Thursday, November 21, 2013

Oat Spike Paracord Bracelet

DSC_0049.JPGThe oat spike paracord bracelet has a very nice looking weave.
It is not very difficult to make.
When you get the hang of making the bracelet, it becomes a very quick and easy job.
If you ever get stuck in the wilderness or there is a zombie apocalypse you can unravel this bracelet and then have 12' total of cord.

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the amazing color ball "chandelier"

here is what you need:
- LOTS and lots of christmas ornaments (plain round ones with only one color) in differerent colors and sizes.
i got most of them really cheap second hand from fleamarkets and thrift stores and the rest i inherited from my grandma. old ones are nicer because they are made from glas not plastic and have nicer colors and a little patina! you really need a lot, i think i used at least 150. to be on the safe side rather get more then less, i you have some "leftovers" you can always decorate your tree with it next christmas.

- an old lampshade: it has to be a half-dome shaped one that consists of a wire "skeleton" upholstered with a fabric cover (see the picture). you only need the lampshade, none of the other parts like cables, bulb socket, ...
it should not be too small so that you will end up with a nice big chandelier, mine had a diameter of about 50 cm.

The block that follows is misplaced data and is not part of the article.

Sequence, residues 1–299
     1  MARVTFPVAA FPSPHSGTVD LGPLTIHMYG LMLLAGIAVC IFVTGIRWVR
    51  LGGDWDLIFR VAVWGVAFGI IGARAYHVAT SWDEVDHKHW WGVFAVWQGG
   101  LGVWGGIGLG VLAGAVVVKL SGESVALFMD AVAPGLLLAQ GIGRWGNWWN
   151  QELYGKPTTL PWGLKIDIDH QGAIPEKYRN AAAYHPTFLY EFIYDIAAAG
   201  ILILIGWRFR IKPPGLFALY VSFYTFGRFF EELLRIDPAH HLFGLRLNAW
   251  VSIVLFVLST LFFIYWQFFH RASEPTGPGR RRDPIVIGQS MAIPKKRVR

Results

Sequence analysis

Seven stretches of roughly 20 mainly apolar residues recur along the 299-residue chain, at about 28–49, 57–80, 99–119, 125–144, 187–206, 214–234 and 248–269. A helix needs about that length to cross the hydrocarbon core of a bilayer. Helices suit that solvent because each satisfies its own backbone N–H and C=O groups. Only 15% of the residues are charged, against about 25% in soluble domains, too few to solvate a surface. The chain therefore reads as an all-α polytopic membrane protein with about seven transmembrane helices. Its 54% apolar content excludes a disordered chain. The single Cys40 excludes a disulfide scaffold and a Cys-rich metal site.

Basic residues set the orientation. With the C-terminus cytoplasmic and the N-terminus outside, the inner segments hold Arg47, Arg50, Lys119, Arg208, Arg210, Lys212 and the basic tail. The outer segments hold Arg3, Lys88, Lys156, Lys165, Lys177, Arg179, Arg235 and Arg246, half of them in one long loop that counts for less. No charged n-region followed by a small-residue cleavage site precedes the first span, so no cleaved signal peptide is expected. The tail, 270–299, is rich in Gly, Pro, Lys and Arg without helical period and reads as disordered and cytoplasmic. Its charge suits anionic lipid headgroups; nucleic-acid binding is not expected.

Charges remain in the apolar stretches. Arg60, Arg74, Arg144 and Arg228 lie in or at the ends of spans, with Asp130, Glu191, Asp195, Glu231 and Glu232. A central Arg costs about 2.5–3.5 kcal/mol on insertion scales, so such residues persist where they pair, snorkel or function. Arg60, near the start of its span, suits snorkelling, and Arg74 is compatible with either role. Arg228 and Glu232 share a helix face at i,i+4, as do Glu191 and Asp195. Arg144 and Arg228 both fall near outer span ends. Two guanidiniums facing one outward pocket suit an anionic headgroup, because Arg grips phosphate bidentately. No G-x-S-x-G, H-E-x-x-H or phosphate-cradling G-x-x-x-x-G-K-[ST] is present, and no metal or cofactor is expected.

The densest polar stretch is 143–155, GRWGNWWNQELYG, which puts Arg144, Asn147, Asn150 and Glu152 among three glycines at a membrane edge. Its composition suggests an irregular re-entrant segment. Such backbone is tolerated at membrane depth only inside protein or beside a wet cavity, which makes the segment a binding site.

sooo: i recently discovered that, in my crafts-supply-store of choice, they actually sell the wire frames you will need - and i mean why should you not be able to buy these. it is just cheaper buying a used lampshade at a goodwill store for 1 or 2 euros (or finding it lying it around on the street like i did) then buying a new frame for 15 euros.

i made the chandelier a while ago without taking photos an the way. so in order to recreate some of the steps i bought a cone shaped frame that i want to use for another project - this is NOT the frame i used for this project! i just used it for demonstrational purposes! the one i used was dome-shaped.

- strong thread

- chicken wire

- pliers / wire cutter

- rope

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Gluten Free Vanilla Mint Ice Cream

This mint ice cream is so amazing that it doesn't even need any chocolate.  It tastes so much better than store bought mint ice cream!!

2 cups vanilla ice cream
large handful of fresh mint leaves, washed and stems removed

Put the mint leaves and ice cream in your food processor, and pulse until it starts to come together.  You will have to stop and scrape down the sides of the bowl frequently.  When it starts to mix well, turn the food processor on high and let it spin for about 20-30 seconds...until it is completely smooth and combined.  Serve immediately, or store in the freezer.

Notes:  This is kind of cheating because I didn't make the actual ice cream....but when you serve this, feel free to announce that you "made it" because technically you did.  Its very impressive at a dinner party, served alongside tiny flourless chocolate cakes.

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Repurposing an old computer

Someone once asked me what they could do with an old computer, and my reply was, "Anything you want!"